- This medicine may cause harm to the unborn baby if you take it while you are pregnant. If you are pregnant or you get pregnant while taking Avelox (moxifloxacin injection), call your doctor right away.
- Tell your doctor if you are breast-feeding. You will need to talk about any risks to your baby.
How is this medicine (Avelox) best taken?
Use Avelox (moxifloxacin injection) as ordered by your doctor. Read all information given to you. Follow all instructions closely.
- It is given as an infusion into a vein over a period of time.
What do I do if I miss a dose?
- Call your doctor to find out what to do.
What are some side effects that I need to call my doctor about right away?
WARNING/CAUTION: Even though it may be rare, some people may have very bad and sometimes deadly side effects when taking a drug. Tell your doctor or get medical help right away if you have any of the following signs or symptoms that may be related to a very bad side effect:
- Signs of an allergic reaction, like rash; hives; itching; red, swollen, blistered, or peeling skin with or without fever; wheezing; tightness in the chest or throat; trouble breathing, swallowing, or talking; unusual hoarseness; or swelling of the mouth, face, lips, tongue, or throat.
- Signs of kidney problems like unable to pass urine, change in how much urine is passed, blood in the urine, or a big weight gain.
- Chest pain or pressure.
- Fever or chills.
- Ringing in ears.
- Shortness of breath.
- Any unexplained bruising or bleeding.
- Not able to pass urine or change in how much urine is passed.
- Not able to sleep.
- Trouble walking.
- Vaginal itching or discharge.
- White patches in mouth.
- Muscle pain or weakness.
- Very bad and sometimes deadly liver problems have happened with Avelox (moxifloxacin injection). Call your doctor right away if you have signs of liver problems like dark urine, feeling tired, not hungry, upset stomach or stomach pain, light-colored stools, throwing up, or yellow skin or eyes.
- A very bad skin reaction (Stevens-Johnson syndrome/toxic epidermal necrolysis) may happen. It can cause very bad health problems that may not go away, and sometimes death. Get medical help right away if you have signs like red, swollen, blistered, or peeling skin (with or without fever); red or irritated eyes; or sores in your mouth, throat, nose, or eyes.
- It is common to have diarrhea when taking Avelox (moxifloxacin injection). Rarely, a very bad form of diarrhea called Clostridium difficile (C diff)–associated diarrhea (CDAD) may occur. Sometimes, this has led to a deadly bowel problem (colitis). CDAD may happen while you are taking Avelox (moxifloxacin injection) or within a few months after you stop taking it. Call your doctor right away if you have stomach pain or cramps, very loose or watery stools, or bloody stools. Do not try to treat loose stools without first checking with your doctor.
What are some other side effects of Avelox?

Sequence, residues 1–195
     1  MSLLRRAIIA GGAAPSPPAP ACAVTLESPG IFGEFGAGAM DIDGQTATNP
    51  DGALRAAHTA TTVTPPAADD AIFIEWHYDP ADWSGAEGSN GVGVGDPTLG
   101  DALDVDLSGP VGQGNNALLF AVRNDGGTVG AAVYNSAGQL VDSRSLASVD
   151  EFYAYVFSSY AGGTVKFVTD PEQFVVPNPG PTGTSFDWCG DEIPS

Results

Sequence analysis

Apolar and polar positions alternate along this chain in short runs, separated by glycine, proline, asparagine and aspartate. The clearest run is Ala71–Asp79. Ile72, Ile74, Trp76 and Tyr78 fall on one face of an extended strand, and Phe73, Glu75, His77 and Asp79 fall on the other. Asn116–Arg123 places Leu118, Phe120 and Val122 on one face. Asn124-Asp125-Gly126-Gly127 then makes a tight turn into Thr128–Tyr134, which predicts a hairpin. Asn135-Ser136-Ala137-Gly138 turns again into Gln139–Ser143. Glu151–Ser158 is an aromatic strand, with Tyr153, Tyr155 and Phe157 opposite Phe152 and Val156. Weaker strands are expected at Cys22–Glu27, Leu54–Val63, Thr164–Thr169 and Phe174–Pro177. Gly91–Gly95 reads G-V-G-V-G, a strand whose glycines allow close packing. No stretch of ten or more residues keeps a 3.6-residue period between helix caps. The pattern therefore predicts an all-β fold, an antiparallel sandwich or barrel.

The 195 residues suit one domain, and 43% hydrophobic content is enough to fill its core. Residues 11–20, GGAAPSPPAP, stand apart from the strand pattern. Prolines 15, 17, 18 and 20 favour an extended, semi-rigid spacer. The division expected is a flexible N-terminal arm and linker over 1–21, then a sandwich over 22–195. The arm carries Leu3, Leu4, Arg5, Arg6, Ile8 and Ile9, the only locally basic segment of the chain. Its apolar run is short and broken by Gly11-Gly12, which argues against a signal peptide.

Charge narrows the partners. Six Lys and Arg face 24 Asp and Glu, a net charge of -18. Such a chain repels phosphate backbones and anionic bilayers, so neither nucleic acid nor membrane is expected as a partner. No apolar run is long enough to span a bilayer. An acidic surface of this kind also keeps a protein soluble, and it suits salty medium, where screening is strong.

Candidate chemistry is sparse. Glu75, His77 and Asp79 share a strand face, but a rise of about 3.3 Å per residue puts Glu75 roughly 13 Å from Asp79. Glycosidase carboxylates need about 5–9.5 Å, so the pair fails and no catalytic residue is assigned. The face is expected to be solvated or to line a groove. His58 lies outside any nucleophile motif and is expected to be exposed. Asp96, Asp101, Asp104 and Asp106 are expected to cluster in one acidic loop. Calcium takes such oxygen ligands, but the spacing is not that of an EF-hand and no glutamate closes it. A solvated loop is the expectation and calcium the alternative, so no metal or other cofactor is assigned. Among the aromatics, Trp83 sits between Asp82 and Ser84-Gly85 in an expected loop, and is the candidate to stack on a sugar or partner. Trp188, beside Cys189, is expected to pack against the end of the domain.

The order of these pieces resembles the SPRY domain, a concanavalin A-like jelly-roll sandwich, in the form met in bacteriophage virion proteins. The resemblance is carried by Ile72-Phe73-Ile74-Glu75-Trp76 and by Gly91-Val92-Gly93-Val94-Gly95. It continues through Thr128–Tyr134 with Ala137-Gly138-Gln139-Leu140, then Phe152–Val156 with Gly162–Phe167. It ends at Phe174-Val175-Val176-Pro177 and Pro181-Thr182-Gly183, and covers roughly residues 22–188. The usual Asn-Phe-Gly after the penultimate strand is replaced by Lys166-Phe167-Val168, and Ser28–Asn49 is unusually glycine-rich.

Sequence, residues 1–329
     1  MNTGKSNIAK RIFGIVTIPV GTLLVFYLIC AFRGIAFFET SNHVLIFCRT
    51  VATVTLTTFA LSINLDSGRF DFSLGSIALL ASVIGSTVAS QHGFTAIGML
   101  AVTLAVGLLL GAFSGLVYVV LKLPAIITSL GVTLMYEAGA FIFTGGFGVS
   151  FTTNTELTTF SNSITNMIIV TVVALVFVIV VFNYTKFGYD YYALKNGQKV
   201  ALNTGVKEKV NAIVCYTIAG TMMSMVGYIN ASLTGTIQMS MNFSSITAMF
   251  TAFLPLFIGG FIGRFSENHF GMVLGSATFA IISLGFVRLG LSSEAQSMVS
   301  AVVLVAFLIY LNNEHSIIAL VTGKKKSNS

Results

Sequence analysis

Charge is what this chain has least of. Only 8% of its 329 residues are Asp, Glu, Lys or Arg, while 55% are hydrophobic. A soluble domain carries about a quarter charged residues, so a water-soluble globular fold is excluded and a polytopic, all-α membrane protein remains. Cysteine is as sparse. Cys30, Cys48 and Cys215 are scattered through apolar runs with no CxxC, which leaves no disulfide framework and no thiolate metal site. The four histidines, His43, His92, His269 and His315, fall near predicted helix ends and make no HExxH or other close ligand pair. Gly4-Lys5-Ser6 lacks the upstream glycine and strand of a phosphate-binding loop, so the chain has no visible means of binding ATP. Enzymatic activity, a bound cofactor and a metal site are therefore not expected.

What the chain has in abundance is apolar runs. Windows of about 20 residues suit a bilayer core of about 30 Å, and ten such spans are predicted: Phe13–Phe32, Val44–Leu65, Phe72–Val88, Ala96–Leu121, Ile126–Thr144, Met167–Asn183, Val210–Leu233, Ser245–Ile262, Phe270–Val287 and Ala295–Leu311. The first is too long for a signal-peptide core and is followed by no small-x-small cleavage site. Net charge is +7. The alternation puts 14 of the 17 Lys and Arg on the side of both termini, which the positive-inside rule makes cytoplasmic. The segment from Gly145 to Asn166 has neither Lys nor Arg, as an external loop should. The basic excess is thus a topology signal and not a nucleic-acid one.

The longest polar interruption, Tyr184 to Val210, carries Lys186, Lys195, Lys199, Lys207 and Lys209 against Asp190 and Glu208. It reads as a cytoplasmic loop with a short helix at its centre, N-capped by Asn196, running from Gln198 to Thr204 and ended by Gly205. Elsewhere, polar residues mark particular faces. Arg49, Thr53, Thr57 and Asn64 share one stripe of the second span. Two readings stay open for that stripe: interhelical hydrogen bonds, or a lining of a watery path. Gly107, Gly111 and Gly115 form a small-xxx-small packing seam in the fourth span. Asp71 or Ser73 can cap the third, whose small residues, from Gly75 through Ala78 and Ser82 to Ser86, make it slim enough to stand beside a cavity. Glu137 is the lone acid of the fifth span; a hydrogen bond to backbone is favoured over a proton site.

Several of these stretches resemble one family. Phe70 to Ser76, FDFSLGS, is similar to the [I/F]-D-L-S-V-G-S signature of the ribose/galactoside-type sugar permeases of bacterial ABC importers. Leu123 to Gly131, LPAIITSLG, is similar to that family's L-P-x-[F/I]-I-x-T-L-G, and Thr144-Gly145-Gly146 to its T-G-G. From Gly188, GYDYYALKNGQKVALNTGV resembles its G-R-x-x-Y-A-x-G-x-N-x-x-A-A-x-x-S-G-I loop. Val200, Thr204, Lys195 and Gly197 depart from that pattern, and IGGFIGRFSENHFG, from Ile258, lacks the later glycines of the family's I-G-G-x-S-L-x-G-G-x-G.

All drugs may cause side effects. However, many people have no side effects or only have minor side effects. Call your doctor or get medical help if any of these side effects or any other side effects bother you or do not go away:
- Upset stomach.
- Loose stools (diarrhea).
These are not all of the side effects that may occur. If you have questions about side effects, call your doctor. Call your doctor for medical advice about side effects.
You may report side effects to the FDA at 1-800-FDA-1088. You may also report side effects at http://www.fda.gov/medwatch.
If OVERDOSE is suspected:
If you think there has been an overdose, call your poison control center or get medical care right away. Be ready to tell or show what was taken, how much, and when it happened.
How do I store and/or throw out Avelox?
- If you need to store Avelox (moxifloxacin injection) at home, talk with your doctor, nurse, or pharmacist about how to store it.
Consumer information use
- If your symptoms or health problems do not get better or if they become worse, call your doctor.
- Do not share your drugs with others and do not take anyone else's drugs.
- Keep a list of all your drugs (prescription, natural products, vitamins, OTC) with you. Give this list to your doctor.
- Talk with the doctor before starting any new drug, including prescription or OTC, natural products, or vitamins.
- Keep all drugs in a safe place. Keep all drugs out of the reach of children and pets.
- Throw away unused or expired drugs. Do not flush down a toilet or pour down a drain unless you are told to do so. Check with your pharmacist if you have questions about the best way to throw out drugs. There may be drug take-back programs in your area.
- This medicine comes with an extra patient fact sheet called a Medication Guide. Read it with care. Read it again each time Avelox (moxifloxacin injection) is refilled. If you have any questions about Avelox (moxifloxacin injection), please talk with the doctor, pharmacist, or other health care provider.
- If you think there has been an overdose, call your poison control center or get medical care right away. Be ready to tell or show what was taken, how much, and when it happened.
Always consult your healthcare provider to ensure the information displayed on this page applies to your personal circumstances.
More about Avelox (moxifloxacin)
- Avelox Side Effects
- During Pregnancy or Breastfeeding
- Dosage Information
- Drug Images
- Drug Interactions
- Support Group
- Pricing & Coupons
- En Español
- 151 Reviews
- Generic Availability
- Drug class: quinolones